There was a flurry of activity around the Chinquapin Park pool one recent Friday morning as the Alexandria Country Day School sixth graders tested the SeaPerch Remotely Operated Vehicles they built in science class.  Students ran their SeaPerch ROVs through an underwater obstacle course, attempted to pick up balls at the bottom of the pool, and tried to rescue ducks floating atop the surface.

As with many first-time trials, the students quickly discovered that there were several pool-side adjustments that needed to be made to optimize their vehicle’s performance.  Having spent the prior two weeks building the SeaPerch ROVs from scratch including soldering wires into the control box and building the motors, the sixth graders knew just what to do and were able to quickly make adjustments so their SeaPerch ROVs could successfully complete the challenges.

“Each year the students bring something new to the project, and this year they really impressed me with their innovative designs and terrific teamwork, “said teacher Scott Lieberman.  “I loved watching the students work together, whether it was to fix a broken motor or navigate the obstacle course.”

ACDS students build these SeaPerch ROVs each year as part of the sixth grade science curriculum. The students begin with an introduction to Design Thinking and build prototypes of their ROVs. While building the SeaPerch they learn about buoyancy, soldering, electronics, and other engineering principles associated with aquatic vessels. Throughout the entire project Mr. Lieberman emphasized the importance of good communication, collaboration, critical thinking and perseverance. As he often told the class, “mistakes are nothing more than a temporary setback and a authentic learning opportunity.”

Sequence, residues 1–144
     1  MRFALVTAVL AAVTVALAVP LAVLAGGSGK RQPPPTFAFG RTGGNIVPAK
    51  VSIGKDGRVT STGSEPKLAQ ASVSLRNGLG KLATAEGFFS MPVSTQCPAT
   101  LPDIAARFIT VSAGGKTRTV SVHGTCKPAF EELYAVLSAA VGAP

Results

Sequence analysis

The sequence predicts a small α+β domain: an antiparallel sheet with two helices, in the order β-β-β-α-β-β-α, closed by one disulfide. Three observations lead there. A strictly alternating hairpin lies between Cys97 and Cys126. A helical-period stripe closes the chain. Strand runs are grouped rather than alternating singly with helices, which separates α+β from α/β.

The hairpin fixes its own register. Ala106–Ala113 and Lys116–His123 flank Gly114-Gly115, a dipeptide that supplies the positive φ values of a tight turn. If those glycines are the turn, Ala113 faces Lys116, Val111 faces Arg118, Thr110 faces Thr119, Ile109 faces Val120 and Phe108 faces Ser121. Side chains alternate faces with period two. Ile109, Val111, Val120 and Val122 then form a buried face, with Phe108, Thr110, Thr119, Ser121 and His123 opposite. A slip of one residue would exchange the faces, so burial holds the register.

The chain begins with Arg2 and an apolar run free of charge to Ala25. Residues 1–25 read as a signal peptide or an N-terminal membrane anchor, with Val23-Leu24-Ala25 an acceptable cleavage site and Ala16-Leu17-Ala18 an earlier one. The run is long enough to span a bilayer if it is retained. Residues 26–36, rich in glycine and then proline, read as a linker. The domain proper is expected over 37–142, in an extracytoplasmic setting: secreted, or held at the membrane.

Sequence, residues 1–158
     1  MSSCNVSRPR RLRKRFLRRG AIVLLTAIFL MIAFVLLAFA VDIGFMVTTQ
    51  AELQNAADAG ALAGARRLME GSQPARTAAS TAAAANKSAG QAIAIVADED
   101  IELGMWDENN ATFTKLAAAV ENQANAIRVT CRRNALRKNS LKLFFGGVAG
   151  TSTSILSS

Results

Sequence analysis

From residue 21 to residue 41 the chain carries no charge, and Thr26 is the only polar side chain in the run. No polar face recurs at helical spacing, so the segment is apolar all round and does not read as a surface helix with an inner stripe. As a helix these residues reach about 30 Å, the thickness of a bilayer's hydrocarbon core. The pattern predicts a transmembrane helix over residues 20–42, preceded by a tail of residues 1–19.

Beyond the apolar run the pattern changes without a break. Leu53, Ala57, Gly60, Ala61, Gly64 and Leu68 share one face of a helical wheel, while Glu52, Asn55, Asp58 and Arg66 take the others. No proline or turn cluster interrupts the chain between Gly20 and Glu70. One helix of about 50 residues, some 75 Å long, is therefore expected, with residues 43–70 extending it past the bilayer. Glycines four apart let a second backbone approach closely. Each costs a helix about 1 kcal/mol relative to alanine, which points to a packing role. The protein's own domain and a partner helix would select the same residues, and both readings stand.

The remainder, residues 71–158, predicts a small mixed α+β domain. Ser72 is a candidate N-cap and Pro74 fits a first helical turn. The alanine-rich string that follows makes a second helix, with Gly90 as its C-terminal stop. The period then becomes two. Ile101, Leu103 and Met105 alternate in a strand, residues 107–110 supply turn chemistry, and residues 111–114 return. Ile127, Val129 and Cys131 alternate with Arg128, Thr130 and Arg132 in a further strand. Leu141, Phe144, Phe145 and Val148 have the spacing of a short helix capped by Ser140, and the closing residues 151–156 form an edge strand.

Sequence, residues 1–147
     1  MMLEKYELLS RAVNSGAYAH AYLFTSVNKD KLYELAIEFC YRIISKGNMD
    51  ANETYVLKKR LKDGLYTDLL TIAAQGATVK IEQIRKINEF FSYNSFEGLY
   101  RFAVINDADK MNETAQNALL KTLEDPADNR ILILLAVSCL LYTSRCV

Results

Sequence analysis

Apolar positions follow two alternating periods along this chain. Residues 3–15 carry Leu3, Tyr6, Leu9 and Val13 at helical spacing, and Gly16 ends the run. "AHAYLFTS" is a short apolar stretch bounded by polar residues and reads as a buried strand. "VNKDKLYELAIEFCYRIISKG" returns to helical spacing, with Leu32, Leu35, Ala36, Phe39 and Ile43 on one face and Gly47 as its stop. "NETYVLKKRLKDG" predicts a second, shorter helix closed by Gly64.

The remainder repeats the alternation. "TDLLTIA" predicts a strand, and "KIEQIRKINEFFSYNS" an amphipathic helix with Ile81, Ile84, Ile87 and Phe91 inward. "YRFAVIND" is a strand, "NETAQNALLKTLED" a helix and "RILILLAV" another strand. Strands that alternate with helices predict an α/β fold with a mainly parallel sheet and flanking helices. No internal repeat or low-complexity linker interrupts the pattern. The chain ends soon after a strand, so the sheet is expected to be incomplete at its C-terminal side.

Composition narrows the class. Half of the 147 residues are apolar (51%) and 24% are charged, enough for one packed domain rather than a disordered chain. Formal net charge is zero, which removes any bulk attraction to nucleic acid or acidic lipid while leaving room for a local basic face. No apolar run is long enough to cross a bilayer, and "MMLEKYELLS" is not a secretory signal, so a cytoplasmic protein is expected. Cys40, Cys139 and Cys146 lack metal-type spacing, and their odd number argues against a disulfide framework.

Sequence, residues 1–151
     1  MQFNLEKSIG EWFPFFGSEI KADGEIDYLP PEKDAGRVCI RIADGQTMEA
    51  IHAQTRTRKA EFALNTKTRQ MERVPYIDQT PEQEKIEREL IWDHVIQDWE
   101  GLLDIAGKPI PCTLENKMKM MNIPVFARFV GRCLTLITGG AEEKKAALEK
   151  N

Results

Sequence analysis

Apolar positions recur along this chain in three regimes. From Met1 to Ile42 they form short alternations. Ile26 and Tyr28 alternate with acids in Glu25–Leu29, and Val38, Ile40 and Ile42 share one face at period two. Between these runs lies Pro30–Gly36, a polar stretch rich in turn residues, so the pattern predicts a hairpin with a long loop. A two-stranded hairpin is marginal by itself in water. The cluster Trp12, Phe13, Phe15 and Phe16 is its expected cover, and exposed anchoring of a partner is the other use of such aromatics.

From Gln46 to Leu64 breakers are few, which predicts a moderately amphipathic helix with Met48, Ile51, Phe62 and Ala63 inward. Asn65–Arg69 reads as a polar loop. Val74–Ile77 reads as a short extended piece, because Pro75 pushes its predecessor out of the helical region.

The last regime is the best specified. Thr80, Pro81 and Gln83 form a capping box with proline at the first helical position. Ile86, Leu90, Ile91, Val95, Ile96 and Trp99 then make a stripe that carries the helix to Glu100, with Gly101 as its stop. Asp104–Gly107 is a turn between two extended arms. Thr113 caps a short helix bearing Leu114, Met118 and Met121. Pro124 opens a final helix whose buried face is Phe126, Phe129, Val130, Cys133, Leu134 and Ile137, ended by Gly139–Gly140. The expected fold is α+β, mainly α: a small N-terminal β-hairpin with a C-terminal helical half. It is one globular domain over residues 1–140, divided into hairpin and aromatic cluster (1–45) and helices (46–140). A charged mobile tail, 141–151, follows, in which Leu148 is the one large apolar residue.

The sixth graders’ work received a short feature on WUSA9 News.  Watch it here.

This week, first graders completed their first open ended STEM project – designing, building and testing containers with a handle that could carry at least three apples for a distance of ten steps. For the first part of the project, students investigated the size and weight of apples and the various materials they could use to build their containers. Then, each first grader brainstormed four ideas for containers that followed our criteria. The next part of the design process saw the children working in groups of three or four to decide on one plan to use. To do this in the allotted time, each child listened as other group members presented their ideas and decided upon either one plan or a combination of several plans. The children really stepped up to the plate with this and each group came up with a single design to build.  On Thursday, first graders worked together to build their apple containers, and then today we tested them. All of the containers not only met the challenge of carrying three apples successfully, they were able to carry five apples for the distance, and two containers even carried eight apples before the containers broke! It was a very successful endeavor for our first grade engineers!

On Wednesday, November 1st, an intrepid team of Alexandria Country Day School fourth through eighth graders were among approximately 160 students from seven area independent schools to complete for the ABC League Cross Country Championship.  At the conclusion of the grueling two-mile course, the ACDS girls team was victorious.  The top five ACDS runners were Claire Engelhardt, Gabriela Ros, Shiane Heiber, Alban Erdle, and Laura Duffield.  While these five girls certainly ran with incredible grit and determination, the entire girls team ran personal best times. The ACDS boys missed coming in first by only one point.. However, ACDS’s Baden Reynolds came in first overall after a very exciting finish to edge out his closest competitor.